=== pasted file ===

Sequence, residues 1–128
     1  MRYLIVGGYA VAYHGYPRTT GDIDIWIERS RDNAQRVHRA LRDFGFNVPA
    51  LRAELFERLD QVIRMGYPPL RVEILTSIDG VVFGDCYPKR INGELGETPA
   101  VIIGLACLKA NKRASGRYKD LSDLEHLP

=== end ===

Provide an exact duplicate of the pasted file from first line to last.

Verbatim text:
Sequence, residues 1–128
     1  MRYLIVGGYA VAYHGYPRTT GDIDIWIERS RDNAQRVHRA LRDFGFNVPA
    51  LRAELFERLD QVIRMGYPPL RVEILTSIDG VVFGDCYPKR INGELGETPA
   101  VIIGLACLKA NKRASGRYKD LSDLEHLP